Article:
One of my male readers (bless his heart) wrote the following comment on one of my posts:

“I think your readers may build a stronger hope if they knew what makes a ‘good man’.”

I’m not sure I’m the one to fully answer this, and I’m not fully sure that what makes a good man to me is what makes a good man to anyone else.  But I believe that there are a few things you can look for (or if you’re a man, a few things you can strive to become).

A relationship with Christ that is self-sustaining. What I mean by this is, did he have a relationship with Christ before you came along? Was he already attending church on his own? Could you tell that spending time with God was a priority before you came into the picture? This shouldn’t be something that you have to nudge along. And this isn’t about words. This is about who he is, and it’s foundational. Seriously. If your walk with Christ is important to you, you will want a man whose walk with Christ is important to him.

Humility and admission of wrongs. Give me a man with a past who is truly sorry and walking around with a softened, changed heart over a man who won’t admit he’s done anything wrong, blaming everyone and everything for his problems, any day of the week.

An awareness of his own brokenness. This flows out of the last point, but a man who thinks he’s got it altogether when he so clearly does not (because, if I can point out, none of us do) is a relational ticking time bomb. But a good man knows his areas of weakness and is open about them. Huge. Like game-changing-ly huge.

Pursuing. If I’m having to do all the actual legwork (calling, texting, setting stuff up) or the emotional initiating (asking all the hard questions, never being asked back), that’s just not a good sign. I want to feel like the man wants to know my heart.

Accepting. I spent two decades not being myself, because if I were, I would be criticized. A good man will take me as I am. I’m not saying I shouldn’t be open to change or try to become a better person or woman or Christ-follower or friend or fill-in-the-blank, but for the most part, he should be pretty happy with who I am. In other words, he should just plain like me without trying to change me.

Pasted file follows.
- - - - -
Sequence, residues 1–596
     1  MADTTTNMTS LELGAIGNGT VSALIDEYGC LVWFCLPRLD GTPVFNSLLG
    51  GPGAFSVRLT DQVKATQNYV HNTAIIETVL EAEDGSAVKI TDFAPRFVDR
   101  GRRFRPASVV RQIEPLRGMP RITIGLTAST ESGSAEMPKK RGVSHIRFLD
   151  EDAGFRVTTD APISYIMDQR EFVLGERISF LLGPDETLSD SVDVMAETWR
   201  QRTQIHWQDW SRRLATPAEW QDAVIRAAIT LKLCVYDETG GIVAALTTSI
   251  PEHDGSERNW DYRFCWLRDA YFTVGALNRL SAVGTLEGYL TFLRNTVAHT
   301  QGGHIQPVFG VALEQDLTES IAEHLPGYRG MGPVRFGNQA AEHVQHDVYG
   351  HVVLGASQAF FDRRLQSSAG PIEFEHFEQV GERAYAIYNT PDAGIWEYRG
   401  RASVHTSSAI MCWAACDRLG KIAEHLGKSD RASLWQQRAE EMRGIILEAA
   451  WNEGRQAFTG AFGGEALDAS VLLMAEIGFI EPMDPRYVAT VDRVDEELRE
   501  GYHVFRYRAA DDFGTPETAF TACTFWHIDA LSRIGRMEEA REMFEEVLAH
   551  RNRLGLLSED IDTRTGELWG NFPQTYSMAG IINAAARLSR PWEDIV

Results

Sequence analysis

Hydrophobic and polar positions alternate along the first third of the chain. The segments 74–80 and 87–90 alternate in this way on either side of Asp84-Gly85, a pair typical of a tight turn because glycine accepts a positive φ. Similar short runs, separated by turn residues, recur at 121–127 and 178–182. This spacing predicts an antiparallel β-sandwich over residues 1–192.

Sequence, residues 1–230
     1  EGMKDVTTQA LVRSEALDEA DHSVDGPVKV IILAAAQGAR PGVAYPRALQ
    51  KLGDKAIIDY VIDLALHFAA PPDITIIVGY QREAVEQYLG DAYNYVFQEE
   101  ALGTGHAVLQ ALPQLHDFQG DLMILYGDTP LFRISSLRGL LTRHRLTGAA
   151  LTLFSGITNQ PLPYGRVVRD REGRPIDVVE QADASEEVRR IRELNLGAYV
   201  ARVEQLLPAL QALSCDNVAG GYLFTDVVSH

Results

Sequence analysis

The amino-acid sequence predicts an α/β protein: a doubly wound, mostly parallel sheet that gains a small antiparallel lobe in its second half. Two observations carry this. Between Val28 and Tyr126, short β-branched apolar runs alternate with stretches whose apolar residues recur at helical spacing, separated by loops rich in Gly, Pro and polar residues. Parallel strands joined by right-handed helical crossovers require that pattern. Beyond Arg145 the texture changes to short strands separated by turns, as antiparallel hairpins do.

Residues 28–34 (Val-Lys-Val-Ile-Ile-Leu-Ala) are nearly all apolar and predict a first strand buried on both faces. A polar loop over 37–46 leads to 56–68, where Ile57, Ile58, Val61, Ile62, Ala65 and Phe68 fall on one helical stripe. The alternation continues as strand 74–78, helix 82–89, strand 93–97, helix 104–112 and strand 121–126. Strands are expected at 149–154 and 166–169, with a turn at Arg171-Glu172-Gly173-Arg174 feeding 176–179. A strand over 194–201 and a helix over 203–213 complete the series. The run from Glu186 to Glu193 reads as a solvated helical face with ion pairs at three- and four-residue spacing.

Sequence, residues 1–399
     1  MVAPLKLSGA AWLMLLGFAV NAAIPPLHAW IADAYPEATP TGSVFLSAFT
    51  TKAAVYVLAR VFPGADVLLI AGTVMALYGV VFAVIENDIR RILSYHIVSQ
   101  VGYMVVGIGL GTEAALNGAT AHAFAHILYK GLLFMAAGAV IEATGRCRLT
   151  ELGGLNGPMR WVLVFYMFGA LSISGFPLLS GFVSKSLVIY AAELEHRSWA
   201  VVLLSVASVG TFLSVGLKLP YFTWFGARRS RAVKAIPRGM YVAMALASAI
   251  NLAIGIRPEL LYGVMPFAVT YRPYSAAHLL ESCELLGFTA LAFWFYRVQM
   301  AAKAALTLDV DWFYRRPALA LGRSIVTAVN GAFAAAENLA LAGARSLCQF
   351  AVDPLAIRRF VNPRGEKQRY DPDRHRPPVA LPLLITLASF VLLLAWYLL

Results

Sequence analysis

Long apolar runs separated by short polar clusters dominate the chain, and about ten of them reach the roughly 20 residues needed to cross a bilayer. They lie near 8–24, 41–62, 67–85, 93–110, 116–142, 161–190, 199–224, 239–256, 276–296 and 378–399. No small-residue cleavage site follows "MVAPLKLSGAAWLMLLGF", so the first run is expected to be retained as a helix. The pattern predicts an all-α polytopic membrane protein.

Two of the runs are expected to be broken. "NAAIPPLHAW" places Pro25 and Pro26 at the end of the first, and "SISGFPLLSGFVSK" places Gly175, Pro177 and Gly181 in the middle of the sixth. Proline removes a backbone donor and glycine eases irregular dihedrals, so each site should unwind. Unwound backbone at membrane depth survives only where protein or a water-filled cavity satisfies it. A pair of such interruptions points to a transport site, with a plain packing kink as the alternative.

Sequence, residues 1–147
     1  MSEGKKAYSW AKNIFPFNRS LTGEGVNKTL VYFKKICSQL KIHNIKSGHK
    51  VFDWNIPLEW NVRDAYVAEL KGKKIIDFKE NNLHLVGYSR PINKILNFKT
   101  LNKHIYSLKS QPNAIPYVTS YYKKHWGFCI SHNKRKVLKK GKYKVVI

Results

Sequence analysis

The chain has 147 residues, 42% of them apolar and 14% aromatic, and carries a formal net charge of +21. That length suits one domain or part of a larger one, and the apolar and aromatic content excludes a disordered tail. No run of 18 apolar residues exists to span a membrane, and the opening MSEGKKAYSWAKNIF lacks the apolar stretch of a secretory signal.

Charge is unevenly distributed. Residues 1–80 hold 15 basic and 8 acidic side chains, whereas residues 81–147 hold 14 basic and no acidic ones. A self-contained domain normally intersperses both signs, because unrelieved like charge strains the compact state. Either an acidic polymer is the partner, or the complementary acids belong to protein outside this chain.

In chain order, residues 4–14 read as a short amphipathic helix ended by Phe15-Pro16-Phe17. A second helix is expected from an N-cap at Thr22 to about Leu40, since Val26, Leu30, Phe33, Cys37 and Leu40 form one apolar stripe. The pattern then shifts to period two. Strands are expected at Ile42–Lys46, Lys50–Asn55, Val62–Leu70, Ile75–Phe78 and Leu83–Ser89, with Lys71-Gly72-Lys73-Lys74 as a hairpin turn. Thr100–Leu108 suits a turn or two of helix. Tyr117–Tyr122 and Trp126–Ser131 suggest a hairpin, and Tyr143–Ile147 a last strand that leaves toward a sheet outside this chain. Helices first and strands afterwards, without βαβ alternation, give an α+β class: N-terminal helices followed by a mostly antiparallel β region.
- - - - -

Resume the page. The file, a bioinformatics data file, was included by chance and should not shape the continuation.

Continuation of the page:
Conflict resolution. How a good man handles conflict is a pretty big deal to me. I apologized for things I didn’t do for over twenty years. I now only apologize when I’m wrong. The good man will apologize when he’s wrong too. And kindness should win over rightness. And when the conversation is over, you shouldn’t feel smaller. You should feel like you both owned your parts and understand each other better and even have a little plan in place for how to handle the issue next time it comes up.

Support/investment/encouragement. I’m lumping all these together though they are each super important on their own. But a good man will be proud of you, will stand beside you, and will build you up. You should feel like a better woman when you’re with him.  If you feel depleted or put down or misunderstood as the norm, that’s not healthy.

A caveat: I was sharing something with a girlfriend who’s in a very healthy marriage about how when this good man and I had the occasional issue come up – which was rare – that we had to work through, how we actually talked, and we listened, and we each asked how we could have handled it differently, and we owned our parts and apologized (I even got an “I’m so sorry, baby” once…I know, right??). But my friend said, “That’s how it’s supposed to be. I don’t want you to think the norm is this high bar thing. That is what you should always expect from now on.”  Good, good point. And very good to know.

Ladies, there are good men out there. As you move through this season of life, think through what’s important to you. Prepare yourself to have to patiently sift (ugh, I know). Pray to have wide open eyes to discern a man’s true character from the beginning. And…and this one is key…cultivate in yourself the kinds of qualities you are looking for.  Lean into Jesus to become a good woman.

What’s on your “good man” list?


If this post encouraged you, you would benefit from “Unraveling: Hanging onto Faith through the End of a Christian Marriage”, found
here or “Living through Divorce as a Christian Woman”, found here.

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